And that’s the only X-title, but here’s what I picked up.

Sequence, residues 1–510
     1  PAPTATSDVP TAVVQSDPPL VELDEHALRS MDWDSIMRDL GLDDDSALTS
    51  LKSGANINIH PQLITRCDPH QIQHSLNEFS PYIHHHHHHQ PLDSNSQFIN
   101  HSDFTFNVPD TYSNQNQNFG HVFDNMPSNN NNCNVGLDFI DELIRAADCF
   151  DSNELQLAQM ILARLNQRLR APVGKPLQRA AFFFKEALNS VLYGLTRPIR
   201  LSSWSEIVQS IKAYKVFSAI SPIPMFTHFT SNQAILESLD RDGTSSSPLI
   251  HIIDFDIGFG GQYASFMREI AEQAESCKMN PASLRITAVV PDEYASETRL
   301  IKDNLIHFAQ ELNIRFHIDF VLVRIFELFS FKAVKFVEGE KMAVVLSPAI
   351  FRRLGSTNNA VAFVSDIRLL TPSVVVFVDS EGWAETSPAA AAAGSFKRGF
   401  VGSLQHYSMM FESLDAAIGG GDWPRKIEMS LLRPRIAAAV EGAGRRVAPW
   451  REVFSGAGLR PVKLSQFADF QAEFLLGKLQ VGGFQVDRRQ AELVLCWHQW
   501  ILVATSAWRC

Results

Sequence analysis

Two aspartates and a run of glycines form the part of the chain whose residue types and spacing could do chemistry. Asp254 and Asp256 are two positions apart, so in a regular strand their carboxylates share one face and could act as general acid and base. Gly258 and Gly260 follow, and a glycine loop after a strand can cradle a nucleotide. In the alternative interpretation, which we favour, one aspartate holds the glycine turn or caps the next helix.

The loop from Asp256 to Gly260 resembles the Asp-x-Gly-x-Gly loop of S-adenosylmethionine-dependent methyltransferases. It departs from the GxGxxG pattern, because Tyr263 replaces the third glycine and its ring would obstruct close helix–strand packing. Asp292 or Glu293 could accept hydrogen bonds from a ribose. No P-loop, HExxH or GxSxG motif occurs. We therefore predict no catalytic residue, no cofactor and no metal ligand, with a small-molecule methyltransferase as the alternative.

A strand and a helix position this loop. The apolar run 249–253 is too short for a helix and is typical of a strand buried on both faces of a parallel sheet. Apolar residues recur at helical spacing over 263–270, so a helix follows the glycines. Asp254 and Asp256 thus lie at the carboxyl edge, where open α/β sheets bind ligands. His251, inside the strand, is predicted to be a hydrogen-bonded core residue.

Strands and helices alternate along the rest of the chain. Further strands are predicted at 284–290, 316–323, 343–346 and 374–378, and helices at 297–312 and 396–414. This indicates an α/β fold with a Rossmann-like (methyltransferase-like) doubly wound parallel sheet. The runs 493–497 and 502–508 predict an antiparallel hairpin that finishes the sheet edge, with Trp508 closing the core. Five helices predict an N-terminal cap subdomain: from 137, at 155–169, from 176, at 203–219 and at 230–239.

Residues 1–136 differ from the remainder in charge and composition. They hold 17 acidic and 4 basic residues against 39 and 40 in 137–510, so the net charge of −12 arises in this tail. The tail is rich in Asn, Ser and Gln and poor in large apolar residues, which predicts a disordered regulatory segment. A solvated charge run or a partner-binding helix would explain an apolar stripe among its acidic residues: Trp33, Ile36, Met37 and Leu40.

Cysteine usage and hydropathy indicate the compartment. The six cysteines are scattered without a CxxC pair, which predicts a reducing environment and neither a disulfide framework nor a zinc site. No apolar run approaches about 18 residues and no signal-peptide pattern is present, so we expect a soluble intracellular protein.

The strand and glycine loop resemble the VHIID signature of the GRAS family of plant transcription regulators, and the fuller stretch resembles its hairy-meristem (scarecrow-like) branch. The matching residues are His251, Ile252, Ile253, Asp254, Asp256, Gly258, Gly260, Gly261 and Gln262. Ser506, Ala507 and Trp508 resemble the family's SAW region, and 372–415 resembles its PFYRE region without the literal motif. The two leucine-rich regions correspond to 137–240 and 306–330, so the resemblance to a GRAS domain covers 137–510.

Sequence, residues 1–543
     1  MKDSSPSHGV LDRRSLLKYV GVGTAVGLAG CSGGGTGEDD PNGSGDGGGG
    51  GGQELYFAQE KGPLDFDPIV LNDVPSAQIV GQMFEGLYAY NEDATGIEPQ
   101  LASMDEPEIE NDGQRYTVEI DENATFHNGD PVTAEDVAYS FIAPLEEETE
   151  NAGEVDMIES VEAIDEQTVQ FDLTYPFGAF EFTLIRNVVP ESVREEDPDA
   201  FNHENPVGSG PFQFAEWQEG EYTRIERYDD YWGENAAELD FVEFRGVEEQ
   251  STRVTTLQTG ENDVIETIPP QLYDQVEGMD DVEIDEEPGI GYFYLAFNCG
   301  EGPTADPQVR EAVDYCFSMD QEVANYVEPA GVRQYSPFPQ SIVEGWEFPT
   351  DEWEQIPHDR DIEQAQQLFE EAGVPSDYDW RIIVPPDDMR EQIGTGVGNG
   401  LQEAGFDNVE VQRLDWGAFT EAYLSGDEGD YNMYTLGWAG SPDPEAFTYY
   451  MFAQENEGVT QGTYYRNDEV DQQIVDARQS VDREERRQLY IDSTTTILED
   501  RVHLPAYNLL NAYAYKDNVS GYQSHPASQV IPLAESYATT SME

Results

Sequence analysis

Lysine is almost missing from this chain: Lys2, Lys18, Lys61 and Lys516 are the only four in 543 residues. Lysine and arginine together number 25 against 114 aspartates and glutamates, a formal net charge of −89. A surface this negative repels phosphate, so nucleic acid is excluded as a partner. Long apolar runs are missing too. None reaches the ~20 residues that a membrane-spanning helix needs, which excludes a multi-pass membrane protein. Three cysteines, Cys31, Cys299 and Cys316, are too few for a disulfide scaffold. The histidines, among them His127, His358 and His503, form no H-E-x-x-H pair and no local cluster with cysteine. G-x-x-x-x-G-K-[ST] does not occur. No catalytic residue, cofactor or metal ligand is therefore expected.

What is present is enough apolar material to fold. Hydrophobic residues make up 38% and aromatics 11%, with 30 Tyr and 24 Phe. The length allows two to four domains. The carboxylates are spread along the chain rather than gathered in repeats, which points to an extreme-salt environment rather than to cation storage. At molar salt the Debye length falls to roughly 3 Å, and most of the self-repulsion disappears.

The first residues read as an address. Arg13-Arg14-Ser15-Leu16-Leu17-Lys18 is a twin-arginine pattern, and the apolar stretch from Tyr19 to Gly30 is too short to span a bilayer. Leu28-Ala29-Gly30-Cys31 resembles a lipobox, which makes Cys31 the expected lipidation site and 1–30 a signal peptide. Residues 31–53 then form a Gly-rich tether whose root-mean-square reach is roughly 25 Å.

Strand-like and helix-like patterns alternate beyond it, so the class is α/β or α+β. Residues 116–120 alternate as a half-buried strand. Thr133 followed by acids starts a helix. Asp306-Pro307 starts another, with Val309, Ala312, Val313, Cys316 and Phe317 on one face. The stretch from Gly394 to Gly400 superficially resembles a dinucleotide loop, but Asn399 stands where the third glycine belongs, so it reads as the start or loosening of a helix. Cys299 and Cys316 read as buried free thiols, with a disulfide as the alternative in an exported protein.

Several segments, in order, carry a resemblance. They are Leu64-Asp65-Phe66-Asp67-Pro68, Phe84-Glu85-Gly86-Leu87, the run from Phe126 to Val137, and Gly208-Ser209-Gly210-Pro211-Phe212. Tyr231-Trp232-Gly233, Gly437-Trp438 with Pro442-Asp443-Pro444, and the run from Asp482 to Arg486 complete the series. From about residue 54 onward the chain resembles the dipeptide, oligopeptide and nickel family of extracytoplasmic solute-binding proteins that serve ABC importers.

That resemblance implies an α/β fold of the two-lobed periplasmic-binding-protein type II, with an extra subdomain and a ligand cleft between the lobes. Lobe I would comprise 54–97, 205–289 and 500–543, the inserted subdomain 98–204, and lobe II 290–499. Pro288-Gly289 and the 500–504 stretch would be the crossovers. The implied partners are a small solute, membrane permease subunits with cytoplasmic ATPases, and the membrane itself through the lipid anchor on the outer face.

Ultimates 2 #3, by Al Ewing, Travel Foreman and Dan Brown. It opens with Lt. Col. Tensen delivering a speech to a bunch of recruits who want to be Justice Warriors. One of the recruits makes fun of the whole thing. So Tensen knocks the guy on his ass, while still being very philosophical. I like this Tensen. I should note that, in the new universe, Tensen was a warrior named Justice, hence the name, but I’m pretty sure Ewing was also being intentional with the similarity to Social Justice Warrior. Philip Vogt comes to meet with Tensen, to talk about a recon and monitoring group. Tensen mentions the First Eternity Battalion, and dammit, now I want that mini. That sounds awesome. We then cut to the present, where Vogt is meeting with some of the Troubleshooters, including Tensen. And then – Cosmic! Galactus, Order, Chaos, and a dead Living Tribunal. Fight! Order and Chaos have realized they’re no longer constrained by the laws of the old Multiverse, and Galactus wants to stop them from taking over the new one. Tensen takes his team of Troubleshooters into Adam’s base, and they learn that Adam and Monica aren’t on Earth. And they recently met Anti-Man. The Cosmic Battle goes in an interesting direction. I absolutely love Ewing’s Take on Order and Chaos. They’re so fascinating. And Chaos is just a lot of fun. This continues to be a damned good series. I’m really enjoying what Ewing’s doing with the new universe characters, these new takes on them, fitting them into the Marvel Universe in really clever, subtle ways. It’s neat. The Cosmic stuff is fascinating, too, and what I find really interesting about it is the fact that he sees no need for a human perspective on it. Galactus, Order and Chaos argue and fight, and we don’t get all this through the eyes of the Silver Surfer or Quasar or Captain America or whatever. It’s gods fighting amongst themselves, and Ewing knows that doesn’t need a smaller character to be interesting, or even relatable. He writes the gods as characters in their own rights. So, yeah, I think it’s cool. Also, still great art. Foreman actually does an especially good job with the Troubleshooter stuff. The Tense stuff at the beginning. I’m still on the fence about the bigger stuff, with its CGI vibe, but when it comes to doing characters? Foreman’s excellent. Marvel should really be doing more to promote this as a Must-Read book. (On a side note: Starlin turned Adam Warlock into the Living Tribunal. And Ewing has now just straight-up murdered the Tribunal. I’m sure we’re all eagerly anticipating Starlin’s Infinity Correction to demonstrate how this was a mistake and Adam’s totally fine and alive and awesome and the only one awesomer than Adam Warlock is Thanos.)